It binds us because if we go on to say I will kill this man because nothing ultimately matters, we take the negative leap of faith of ultimate meaninglessness and negate the absurd, abandoning reason and thus our humanity.

    So there is no contradiction to our prohibition not to kill another, no paradox. Does it ULTIMATLY matter? All we know is that we do not know. But we do know that if we claim we KNOW by saying it DOES NOT matter because everything is ultimately meaningless, that that is positive statement that negates the absurd. And by doing so we commit philosophical suicide.

    It binds us to love our wives and makes us not want them to cheat, because love is one of the things that makes life worthwhile, makes it preferable to be alive then to be not alive, even if this love is nothing more than the random stratagem of a selfish gene to ensure its propagation. Does this love ultimately matter? All we know is that we do not know. But if we go on to say it doesn’t really matter if she cheats because all is ultimately meaningless, we once again take the negative leap of faith.

    (continued below)

  11. (continued from above)

    This perspective still allows the freedom that you speak about so frequently on these boards, because we still know that our rebellion is a fiction, we know that we cannot hold onto it too tightly because if we do it is in danger of becoming a leap of faith itself, and if we allow that to happen we commit the philosophical suicide that we rejected in the first place. So we must look at our fiction with a sense of irony, even as it binds us to our beliefs, our meaning, and our sense of purpose, we must continually remind ourselves of our absurd condition, and not take our fiction too seriously.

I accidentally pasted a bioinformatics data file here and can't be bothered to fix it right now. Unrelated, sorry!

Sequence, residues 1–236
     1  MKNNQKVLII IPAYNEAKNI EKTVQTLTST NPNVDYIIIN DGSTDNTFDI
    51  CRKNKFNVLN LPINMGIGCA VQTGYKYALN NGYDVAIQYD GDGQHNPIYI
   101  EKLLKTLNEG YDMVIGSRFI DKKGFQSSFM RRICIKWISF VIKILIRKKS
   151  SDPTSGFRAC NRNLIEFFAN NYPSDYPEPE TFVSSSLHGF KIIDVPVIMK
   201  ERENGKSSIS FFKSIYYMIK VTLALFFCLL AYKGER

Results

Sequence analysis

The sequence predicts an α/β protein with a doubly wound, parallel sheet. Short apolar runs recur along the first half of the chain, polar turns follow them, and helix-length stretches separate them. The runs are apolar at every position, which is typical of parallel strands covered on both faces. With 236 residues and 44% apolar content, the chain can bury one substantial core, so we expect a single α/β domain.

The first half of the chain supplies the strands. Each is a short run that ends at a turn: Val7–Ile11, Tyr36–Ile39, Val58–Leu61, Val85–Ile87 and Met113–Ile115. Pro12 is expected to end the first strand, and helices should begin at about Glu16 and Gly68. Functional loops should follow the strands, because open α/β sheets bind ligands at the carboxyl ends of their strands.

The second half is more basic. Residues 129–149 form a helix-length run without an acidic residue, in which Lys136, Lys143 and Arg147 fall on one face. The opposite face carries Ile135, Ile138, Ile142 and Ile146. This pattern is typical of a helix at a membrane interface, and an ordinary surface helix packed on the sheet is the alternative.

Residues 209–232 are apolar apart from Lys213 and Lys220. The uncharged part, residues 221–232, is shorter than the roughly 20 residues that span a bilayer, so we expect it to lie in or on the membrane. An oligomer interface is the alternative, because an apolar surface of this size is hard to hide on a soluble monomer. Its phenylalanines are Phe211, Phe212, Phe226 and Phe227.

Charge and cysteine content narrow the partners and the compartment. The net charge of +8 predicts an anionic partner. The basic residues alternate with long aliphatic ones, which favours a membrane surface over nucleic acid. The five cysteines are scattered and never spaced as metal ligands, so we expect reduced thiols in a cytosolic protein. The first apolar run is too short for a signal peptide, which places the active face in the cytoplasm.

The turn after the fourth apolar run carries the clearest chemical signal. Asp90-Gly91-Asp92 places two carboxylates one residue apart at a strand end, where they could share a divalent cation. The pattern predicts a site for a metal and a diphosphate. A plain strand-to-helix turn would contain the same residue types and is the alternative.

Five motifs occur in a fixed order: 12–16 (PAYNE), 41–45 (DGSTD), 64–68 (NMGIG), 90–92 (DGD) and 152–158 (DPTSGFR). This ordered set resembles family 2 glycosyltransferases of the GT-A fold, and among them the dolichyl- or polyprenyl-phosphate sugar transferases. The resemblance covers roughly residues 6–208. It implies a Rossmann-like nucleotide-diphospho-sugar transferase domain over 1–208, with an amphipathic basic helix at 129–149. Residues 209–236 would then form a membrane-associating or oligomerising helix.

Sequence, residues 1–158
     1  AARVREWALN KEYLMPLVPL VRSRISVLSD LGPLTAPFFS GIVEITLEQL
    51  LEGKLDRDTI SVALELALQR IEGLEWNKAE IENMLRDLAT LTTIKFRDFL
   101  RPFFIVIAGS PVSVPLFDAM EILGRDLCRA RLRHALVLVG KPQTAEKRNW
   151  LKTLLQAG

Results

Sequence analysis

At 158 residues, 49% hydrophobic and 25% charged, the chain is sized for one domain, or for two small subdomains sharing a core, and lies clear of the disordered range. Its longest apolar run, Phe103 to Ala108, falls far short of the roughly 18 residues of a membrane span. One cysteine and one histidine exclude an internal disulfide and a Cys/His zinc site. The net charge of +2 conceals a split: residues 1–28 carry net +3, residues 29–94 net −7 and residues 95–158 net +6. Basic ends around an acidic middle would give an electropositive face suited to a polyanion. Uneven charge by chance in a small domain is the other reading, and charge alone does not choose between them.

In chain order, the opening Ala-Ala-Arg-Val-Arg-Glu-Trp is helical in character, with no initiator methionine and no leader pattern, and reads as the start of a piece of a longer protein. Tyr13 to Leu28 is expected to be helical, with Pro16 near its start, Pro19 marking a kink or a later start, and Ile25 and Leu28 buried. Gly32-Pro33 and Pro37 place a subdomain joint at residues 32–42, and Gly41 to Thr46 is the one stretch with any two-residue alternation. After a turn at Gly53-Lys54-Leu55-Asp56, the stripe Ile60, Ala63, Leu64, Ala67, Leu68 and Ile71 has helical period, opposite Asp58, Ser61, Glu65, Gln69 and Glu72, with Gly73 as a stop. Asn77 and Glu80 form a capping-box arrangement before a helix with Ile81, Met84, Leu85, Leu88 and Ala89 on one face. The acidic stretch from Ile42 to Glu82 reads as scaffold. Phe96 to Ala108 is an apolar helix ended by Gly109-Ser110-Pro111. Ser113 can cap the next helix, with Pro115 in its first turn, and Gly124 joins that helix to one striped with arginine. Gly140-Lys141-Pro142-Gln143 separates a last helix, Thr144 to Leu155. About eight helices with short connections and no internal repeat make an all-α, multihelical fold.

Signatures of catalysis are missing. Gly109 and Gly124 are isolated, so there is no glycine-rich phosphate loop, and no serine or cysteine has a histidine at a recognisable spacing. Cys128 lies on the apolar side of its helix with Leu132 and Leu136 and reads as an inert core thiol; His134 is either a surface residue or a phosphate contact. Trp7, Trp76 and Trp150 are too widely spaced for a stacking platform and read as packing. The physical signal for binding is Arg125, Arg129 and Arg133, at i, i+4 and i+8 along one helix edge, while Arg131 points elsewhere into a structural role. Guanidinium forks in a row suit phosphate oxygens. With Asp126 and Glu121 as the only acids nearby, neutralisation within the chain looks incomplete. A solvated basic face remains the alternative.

I hope this clarifies the differences I perceive between my understanding of the absurd and those portrayed on this blog. I tried to be as clear and succinct as possible. I may have failed, but I gave it my best shot. Let me know what you think!


  12. RH -

    A few points...

    The absurd has its contradictions, its arbitrary assumptions. Like any philosophy or set of ideas, it cannot ultimately resolve all. This is why, we suspect, Camus often talked about the absurd as a "sensibility" rather than a "philosophy." It is more a state of mind or an attitude than a system defendable by strict adherence to formal logic - by which standard all philosophies fall down eventually.

    Camus was more interested in the experience of the absurd. Usefulness and practicality were his tests for how important a question was. We follow his lead on this point and focus on practical ideas for living, rather than go round and round in well trodden philosophical circles chasing our own tails. We'll leave the intense navel-gazing to the professional philosophers.

    Also.... Camus is never clear -as you assume he is - on whether purpose or meaning is "unknown" or "unknowable." In some passages he suggests the former and in others the latter. He also uses the term "absurd" in many different ways.

    And the idea that making a judgment that your own life has value and extending that same value to the lives of others is, in fact, not up to snuff by standards of formal logic. It really reflects a personal choice, but it is not a logical necessity.